Japan is the third largest economy in the world, falling behind China in second place and the United States in first.
In the 1980s and 1990s, however, Japan occupied the rank of second richest nation in the world, with the USA in first place.
Among the main factors that justify Japanese economic performance relative to other Asian nations and even the rest of the world’s countries are US impositions after World War II.
Defeated, Japan signed surrender in 1945 and remained under US rule until 1952, when it regained autonomy.
At the helm, the United States applied measures to transform the Japanese economy, culture, and politics. With the completion of land reform, the country left behind the feudal past. The Army was disbanded and turned into a self-defense force whose outside interference was prohibited by the Constitution.
The constitution also made Japan a secular state. Before that, the official religion was Shinto, in which the emperor himself was considered a god. As a result, Emperor Hiroite, who ruled from 1929 to 1989, renounced his divinity and acted directly in the political, cultural and economic reform of Japan.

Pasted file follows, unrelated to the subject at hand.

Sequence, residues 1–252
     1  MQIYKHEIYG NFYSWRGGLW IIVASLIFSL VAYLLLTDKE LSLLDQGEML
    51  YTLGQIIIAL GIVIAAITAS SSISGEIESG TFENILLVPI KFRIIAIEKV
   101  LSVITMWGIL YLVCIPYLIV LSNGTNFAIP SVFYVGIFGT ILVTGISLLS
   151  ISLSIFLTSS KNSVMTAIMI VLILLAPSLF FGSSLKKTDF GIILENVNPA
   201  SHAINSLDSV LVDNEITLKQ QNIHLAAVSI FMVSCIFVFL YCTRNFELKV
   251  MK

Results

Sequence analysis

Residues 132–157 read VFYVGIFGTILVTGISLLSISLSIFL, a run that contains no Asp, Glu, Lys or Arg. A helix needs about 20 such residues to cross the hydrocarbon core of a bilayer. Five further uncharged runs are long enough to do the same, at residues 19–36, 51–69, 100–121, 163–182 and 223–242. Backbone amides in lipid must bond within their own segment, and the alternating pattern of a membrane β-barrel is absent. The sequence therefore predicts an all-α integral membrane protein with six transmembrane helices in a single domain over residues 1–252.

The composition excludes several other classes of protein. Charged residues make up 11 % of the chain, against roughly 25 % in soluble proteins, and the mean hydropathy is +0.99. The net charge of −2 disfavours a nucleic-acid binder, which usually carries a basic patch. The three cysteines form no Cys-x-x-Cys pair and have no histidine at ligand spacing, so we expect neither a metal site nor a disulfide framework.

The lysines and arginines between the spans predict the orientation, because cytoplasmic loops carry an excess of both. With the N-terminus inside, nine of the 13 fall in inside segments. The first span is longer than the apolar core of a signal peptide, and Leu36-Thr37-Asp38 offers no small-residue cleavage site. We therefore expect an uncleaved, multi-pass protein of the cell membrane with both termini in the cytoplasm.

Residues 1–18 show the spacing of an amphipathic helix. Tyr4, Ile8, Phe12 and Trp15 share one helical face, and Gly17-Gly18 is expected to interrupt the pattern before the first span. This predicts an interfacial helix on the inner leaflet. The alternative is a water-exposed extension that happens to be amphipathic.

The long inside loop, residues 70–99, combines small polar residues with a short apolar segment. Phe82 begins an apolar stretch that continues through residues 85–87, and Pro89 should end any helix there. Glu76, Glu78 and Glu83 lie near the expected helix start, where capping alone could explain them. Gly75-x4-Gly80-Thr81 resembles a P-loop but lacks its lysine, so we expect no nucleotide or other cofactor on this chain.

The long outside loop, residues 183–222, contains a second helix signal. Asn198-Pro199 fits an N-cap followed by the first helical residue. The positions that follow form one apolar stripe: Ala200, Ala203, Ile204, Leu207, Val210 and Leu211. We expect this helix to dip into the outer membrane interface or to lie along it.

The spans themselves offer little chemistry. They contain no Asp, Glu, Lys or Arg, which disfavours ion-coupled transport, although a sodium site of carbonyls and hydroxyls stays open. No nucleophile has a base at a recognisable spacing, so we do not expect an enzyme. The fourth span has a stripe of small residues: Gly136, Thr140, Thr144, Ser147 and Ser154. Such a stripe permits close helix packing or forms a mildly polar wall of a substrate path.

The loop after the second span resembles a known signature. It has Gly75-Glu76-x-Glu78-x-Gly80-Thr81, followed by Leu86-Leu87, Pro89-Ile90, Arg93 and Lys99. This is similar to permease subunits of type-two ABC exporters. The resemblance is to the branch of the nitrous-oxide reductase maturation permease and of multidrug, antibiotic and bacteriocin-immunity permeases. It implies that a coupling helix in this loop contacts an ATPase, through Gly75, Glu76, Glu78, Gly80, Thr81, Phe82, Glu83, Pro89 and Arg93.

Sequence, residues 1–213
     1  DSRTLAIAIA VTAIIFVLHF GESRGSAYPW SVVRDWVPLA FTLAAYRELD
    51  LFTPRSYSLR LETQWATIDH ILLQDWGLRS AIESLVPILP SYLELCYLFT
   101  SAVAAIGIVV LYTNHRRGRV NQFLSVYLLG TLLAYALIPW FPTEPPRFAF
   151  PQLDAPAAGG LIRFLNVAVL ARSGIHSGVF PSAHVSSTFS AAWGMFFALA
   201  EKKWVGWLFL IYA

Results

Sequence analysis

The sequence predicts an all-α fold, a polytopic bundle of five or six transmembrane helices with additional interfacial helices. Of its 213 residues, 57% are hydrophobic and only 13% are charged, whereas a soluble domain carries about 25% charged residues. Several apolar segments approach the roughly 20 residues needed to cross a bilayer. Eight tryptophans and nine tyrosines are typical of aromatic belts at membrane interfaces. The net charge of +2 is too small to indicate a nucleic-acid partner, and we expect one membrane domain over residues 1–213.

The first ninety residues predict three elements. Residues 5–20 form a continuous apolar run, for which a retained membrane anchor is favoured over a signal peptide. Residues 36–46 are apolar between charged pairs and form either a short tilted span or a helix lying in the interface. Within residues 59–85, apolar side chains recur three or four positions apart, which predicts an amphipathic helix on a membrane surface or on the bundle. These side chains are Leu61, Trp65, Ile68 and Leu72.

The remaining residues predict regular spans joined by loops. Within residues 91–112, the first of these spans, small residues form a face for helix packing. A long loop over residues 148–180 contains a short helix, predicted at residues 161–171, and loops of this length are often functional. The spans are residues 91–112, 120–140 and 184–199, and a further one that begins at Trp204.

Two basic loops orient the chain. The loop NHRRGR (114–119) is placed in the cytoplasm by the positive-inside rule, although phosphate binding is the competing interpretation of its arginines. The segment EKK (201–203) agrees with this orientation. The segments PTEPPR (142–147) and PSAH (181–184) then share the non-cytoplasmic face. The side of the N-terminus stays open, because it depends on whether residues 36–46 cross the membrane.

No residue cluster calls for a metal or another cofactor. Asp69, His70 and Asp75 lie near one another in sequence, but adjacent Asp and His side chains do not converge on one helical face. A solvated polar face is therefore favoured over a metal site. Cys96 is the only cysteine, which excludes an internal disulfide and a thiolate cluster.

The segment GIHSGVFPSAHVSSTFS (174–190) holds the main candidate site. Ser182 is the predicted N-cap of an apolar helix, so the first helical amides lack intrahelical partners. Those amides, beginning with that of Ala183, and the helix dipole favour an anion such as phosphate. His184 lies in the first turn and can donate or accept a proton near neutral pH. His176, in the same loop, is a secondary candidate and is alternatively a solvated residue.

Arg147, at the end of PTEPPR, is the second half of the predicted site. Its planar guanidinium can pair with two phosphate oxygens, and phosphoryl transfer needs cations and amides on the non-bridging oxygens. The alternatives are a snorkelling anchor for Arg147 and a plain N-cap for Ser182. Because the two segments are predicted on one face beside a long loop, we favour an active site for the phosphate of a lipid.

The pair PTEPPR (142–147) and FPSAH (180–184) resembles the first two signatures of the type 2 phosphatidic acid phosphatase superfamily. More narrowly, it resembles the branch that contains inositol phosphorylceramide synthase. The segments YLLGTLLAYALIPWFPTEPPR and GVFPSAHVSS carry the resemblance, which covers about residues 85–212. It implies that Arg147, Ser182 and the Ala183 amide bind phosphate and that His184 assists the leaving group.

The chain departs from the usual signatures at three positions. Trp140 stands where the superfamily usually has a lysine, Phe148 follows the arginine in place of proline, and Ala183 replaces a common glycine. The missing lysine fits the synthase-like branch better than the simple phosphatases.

As a US contributor, the Japanese government borrowed from and modernized the industry, providing war equipment to the Americans, who were suppressing communist activity in Asia.
It was Japanese industry that was primarily responsible for supplying arms to the United States during the Korean War, which took place between 1950 and 1953, and Vietnam, between 1960 and 1975.
Japanese economic performance was also influenced by cheap labor, increased investment in technology research and mass education. From 1947 to 1970, Japan grew proportionally more than any nation in the world.
The Japanese economy grew 9.7% between 1947 and 1950, while the United States grew 2.4% in the same period, and the United Kingdom 1.5%. Between 1966 and 1970, Japan grew by 14.6%, more than double France with 6% and well above the United States (3.1%), the United Kingdom (2.6%) and Germany (5.2%).
The Japanese industry was already quite diverse in 1880, with the operation of textile factories, especially cotton and silk. From 1901, steel, metallurgy, chemistry and mechanics began to appear.
It is the technology industry, however, the main driver of growth in the modern era. Japan is at the forefront of robotics, nanotechnology, electronics and computer research. Although scarce raw material, being dependent on exports, the transformation of products through technological support guaranteed Japan outstanding economic growth.
In short, Japan imports primary products and exports technology. This trend was only halted in the 1990s, when the country faced one of the worst economic crises in history and due to financial speculation in the real estate sector. This phenomenon is called the housing bubble.